Yet determined to learn the language, I got hold of a Spanish language textbook (with audio guide) and started poring over it a couple of weeks ago. It clarified many things that I was very confused about before. It provided the explanation my mind was looking for but did not find while I was merely listening to the podcast episodes. “Le hablo a el todos los dias” with “Because le and les can have several meanings, they are usually clarified by using a and the prepositional object pronoun” makes so much sense to me. Reading about grammar and usage fascinates me so, and I fall more in love with words and how they are put together. And it helps, too, that I have a partner with whom I can practice my Spanish.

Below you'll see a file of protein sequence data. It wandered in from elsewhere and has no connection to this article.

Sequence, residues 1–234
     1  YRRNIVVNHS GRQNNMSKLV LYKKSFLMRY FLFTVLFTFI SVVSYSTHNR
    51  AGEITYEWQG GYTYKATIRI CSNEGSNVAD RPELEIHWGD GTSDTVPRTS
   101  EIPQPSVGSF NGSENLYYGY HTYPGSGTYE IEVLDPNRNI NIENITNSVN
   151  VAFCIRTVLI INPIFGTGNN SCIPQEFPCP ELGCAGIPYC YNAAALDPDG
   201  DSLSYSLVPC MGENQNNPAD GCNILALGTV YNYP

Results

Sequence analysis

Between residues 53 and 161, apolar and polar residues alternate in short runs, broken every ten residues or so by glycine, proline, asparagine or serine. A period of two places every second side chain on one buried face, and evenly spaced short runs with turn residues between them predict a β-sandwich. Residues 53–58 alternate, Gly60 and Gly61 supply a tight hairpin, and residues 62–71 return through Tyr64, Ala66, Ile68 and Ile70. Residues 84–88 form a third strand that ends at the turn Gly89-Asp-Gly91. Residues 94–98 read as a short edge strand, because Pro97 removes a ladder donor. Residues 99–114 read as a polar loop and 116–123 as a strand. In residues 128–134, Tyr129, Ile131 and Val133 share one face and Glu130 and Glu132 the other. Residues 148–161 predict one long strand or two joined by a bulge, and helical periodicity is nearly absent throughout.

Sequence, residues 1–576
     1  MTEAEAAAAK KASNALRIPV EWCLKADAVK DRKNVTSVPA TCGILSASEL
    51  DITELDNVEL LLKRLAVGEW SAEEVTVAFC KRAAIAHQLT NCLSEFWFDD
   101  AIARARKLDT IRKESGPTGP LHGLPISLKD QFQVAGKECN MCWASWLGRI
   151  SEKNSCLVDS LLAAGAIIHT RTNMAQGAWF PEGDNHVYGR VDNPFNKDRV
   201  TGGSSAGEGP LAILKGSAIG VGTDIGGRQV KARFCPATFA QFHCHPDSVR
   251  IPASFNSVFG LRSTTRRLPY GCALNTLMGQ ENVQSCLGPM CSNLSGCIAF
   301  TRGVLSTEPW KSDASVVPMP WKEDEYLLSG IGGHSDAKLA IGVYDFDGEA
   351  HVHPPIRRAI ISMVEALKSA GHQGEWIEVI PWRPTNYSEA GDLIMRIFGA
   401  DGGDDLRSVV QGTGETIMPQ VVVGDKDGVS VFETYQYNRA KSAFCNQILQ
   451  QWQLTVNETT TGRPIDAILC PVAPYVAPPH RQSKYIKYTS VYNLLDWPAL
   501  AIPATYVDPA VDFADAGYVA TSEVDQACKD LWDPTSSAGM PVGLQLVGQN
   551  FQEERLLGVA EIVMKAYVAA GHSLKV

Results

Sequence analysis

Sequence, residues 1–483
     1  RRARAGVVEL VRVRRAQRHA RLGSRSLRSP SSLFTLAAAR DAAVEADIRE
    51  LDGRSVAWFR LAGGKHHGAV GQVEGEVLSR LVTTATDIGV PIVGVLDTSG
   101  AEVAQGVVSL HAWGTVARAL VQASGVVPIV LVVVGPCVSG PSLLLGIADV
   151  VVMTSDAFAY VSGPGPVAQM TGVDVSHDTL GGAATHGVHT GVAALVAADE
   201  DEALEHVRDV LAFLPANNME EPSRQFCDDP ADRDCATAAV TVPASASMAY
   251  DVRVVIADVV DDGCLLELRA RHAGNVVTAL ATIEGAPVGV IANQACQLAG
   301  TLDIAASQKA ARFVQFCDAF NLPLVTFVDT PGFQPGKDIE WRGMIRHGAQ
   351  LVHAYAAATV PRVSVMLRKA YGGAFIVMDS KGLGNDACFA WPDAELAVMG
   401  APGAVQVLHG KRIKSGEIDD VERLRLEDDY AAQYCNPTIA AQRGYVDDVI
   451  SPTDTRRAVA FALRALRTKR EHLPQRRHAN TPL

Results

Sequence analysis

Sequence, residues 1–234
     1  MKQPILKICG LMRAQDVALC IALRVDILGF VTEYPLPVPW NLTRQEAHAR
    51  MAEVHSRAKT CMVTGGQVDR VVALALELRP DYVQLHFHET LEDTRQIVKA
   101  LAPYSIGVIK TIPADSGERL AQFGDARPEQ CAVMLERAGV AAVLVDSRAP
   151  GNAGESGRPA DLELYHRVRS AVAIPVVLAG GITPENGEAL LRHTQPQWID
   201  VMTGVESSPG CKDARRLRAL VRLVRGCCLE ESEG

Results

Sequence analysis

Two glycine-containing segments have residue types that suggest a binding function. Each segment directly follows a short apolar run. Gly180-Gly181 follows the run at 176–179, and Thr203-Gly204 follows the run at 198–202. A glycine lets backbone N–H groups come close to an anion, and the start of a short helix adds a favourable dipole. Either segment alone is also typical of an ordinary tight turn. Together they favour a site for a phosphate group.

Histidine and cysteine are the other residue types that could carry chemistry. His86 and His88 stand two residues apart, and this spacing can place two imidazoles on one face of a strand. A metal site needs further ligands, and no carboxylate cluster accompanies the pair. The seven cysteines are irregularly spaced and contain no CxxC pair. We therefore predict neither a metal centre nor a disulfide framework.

People truly have different learning styles. What’s yours?

Thursday, January 26, 2012

happiness kept her

Thursday, January 26, 2012

Happiness kept her--as nearsightedness and fear kept the man she was holding by the hand, as faith, fatalism, or habit kept those who were running, limping, walking down to erect the barricade--from seeing what was all about her, from reflecting and drawing the conclusions that common sense, reason, or sheer instinct would have allowed her to draw from the spectacle...

~ Mario Vargas Llosa, The War of the End of the World, 1981

Wednesday, January 25, 2012

December at the Beach

Wednesday, January 25, 2012

Jomtien Beach, Pattaya, Thailand